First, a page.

“No, you eat what’s on your plate first and then we can talk about a packet of marshmallows.”
Unless I’m the exception, every parent has uttered that exact phrase or something very similar to it at least a thousand times and no matter what their age, I expect we will all say it a thousand times more in some form or another. Along the same lines is this one, “No you can’t have syrup for a snack, that’s sugar and we don’t give children sugar at bedtime.”
That is, not unless you’re planning on checking into some sort of convalescent facility the next day. Sugar and bedtime are words that don’t even belong in the same language.
It’s all for naught though because ultimately, your child is in charge. You either feed the children what they demand at bedtime or you run the risk of having to feed them what they demand at three in the morning when they wonder through to your room like zombies in search of brain.
Then the next morning when your alarm goes off, you’ll feel like your child snacked on your left frontal lobe all night long and at that point, tying shoe-laces will seem like a task only a NASA engineer would be able to accomplish. So you’ll wear Crocs, bunny slippers or shoes that employ some sort of Velcro mechanism to work. Not a good look unless you work at Google.
Parenting is not easy. That is not to say that people with meeker dispositions cannot or should not have children, it’s just that they’ll probably have a tougher time of things. For one thing, they will have much more homework to do whilst raising their children. Literally. They’ll probably find themselves rendering their child’s idea of a clown, using wax crayons and cotton wool, just before bedtime, on a school night, all the while taking editorial input from their child.
Moving right along.
It does get easier as they get older, that much is certain. But all that serves to remind you of is that you were super-human when they were born and have somehow steadily lost your powers since then. Our boys are able to grab a snack to sate a hunger or pour a cup of water to quench a thirst on their own (without too much spillage) and yet we still seem to be doing so much else for them.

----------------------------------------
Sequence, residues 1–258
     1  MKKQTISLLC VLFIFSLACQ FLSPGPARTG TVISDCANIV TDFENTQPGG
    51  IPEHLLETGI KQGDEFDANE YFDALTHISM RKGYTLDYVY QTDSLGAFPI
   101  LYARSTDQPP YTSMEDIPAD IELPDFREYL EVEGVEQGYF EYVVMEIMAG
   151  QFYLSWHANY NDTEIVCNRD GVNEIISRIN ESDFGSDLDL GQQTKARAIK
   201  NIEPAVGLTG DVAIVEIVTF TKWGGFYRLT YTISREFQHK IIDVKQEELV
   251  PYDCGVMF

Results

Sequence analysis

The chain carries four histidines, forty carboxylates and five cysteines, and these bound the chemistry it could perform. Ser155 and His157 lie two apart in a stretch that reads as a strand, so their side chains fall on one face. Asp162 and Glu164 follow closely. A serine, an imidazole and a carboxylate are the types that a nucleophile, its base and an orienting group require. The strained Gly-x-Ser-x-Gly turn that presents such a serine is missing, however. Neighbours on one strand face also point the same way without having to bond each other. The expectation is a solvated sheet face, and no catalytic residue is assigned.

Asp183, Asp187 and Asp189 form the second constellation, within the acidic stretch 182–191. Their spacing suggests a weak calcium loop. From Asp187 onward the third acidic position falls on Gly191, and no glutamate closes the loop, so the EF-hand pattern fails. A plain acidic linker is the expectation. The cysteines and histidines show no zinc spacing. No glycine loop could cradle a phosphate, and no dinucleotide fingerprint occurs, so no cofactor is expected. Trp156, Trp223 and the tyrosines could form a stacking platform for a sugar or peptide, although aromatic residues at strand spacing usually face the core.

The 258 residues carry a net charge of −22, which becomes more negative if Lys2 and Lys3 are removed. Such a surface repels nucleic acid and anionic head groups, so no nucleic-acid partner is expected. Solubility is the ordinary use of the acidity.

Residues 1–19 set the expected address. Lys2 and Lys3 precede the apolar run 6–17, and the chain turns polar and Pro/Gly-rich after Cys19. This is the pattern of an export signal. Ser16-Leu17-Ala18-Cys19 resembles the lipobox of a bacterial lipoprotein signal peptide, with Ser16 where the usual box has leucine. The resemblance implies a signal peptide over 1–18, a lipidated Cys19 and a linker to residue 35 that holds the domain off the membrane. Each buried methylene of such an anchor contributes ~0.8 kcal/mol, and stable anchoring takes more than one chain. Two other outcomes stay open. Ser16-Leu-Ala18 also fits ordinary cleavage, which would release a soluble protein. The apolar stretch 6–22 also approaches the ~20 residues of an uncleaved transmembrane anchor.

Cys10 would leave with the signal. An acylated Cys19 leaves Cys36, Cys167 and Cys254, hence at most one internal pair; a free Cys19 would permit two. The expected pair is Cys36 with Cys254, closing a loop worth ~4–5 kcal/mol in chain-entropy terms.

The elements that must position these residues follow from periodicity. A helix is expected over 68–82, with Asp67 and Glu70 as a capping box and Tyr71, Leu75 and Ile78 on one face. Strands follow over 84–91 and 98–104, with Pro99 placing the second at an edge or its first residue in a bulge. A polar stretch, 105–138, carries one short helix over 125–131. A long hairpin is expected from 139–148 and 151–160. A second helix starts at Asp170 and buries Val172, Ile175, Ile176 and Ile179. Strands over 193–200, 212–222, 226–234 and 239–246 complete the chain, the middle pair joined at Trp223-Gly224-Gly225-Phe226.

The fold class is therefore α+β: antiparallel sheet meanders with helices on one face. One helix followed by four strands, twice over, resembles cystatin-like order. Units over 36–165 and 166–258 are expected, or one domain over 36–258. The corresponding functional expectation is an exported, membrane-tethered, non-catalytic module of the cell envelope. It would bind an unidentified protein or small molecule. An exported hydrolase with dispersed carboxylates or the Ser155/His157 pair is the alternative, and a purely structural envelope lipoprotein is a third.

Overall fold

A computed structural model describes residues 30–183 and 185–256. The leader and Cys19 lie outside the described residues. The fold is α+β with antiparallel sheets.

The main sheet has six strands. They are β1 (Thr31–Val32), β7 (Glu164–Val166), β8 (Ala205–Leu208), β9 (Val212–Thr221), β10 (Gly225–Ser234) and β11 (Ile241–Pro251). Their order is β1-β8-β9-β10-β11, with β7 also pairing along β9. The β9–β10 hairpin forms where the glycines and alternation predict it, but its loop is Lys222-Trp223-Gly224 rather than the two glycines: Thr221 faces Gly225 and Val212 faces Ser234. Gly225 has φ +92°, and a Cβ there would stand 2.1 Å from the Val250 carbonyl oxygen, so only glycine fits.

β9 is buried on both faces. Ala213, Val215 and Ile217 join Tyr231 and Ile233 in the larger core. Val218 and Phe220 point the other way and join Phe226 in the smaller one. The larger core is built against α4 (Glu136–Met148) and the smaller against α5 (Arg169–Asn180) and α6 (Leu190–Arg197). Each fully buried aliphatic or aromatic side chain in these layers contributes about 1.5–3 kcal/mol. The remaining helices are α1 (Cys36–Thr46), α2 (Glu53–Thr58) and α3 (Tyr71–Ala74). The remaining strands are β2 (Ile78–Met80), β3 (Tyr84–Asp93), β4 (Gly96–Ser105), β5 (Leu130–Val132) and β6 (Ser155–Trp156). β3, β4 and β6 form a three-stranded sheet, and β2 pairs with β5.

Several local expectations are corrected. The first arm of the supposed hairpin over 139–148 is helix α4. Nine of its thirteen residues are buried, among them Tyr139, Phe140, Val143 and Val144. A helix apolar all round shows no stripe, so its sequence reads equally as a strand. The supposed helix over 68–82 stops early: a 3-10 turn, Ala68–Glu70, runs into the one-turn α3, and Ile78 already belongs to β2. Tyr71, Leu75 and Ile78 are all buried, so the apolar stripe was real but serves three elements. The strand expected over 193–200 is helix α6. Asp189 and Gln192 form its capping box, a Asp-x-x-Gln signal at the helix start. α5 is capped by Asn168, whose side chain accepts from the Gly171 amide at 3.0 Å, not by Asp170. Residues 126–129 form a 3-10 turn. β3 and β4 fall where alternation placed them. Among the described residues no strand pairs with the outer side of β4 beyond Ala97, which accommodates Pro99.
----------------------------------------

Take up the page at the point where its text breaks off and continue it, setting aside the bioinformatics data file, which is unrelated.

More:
Bum wiping being paramount amongst these tasks. It was almost easier when they were in nappies. Back then one would wait until there was an almost palpable odor in the room and then you’d simply wipe it, change it and ziplock the entire thing into a bag bound for the land fill. Now, one has to watch them like a nuclear reactor operator checking gauges on a night-shift in Chernobyl circa 1986. When they begin to show signs of a potential meltdown, you quickly steer and accompany the source of the smell into the bathroom and then sit a vigil for the number two to arrive. This could take anything from a few seconds to an hour. Get comfortable. Preferably near an open door or window. Our eldest often won’t get off the throne until he’s produced a certain number of number two’s. Yes, he counts them. Plop. Plop. Plop. There’s no point in arguing.
Then there’s wiping, which again was easier then the child was on their back with feet in the air but is much more complicated with the child standing up, moving about the bathroom like a bee looking for a flower and asking endless questions about mundane things.
Finally, you wash your hands and then force them to wash theirs. The future lawyer in the family sometimes asks me why he needs to wash his hands if he didn’t wipe his bum. I am at a loss to explain it to him except to say, “You must.”
Still, it’s not all as grim as it seems. More often than not after your feed it in the dead of night, your child will curl up in your bed between you, the now zombie by default parents, and will in so doing create the perfect ‘H’ when viewed from above. This is a particularly comfortable way to spend the remainder of your nights sleep. Yes, comfortable compared to say the Rack or indeed the Thumbscrew.
Then there’s the snoring and faint aroma of food and farts that, at odd intervals, twerks your sense of smell. A sense which is really quite acute in the dead of night for some odd reason.
It is then, at that very moment, that you are reminded of the fact that you are a parent. That this creature snuggling next to you, hogging all the available real estate in your bed, is yours for life and you embrace the fact that the journey is a beautiful, exciting, mysterious, fulfilling, terrifying and perfect thing.
The sleep should arrive moments later. At worst a week or so later. Ok, a month at the very outside. Fine, no more than 18 to 21 years.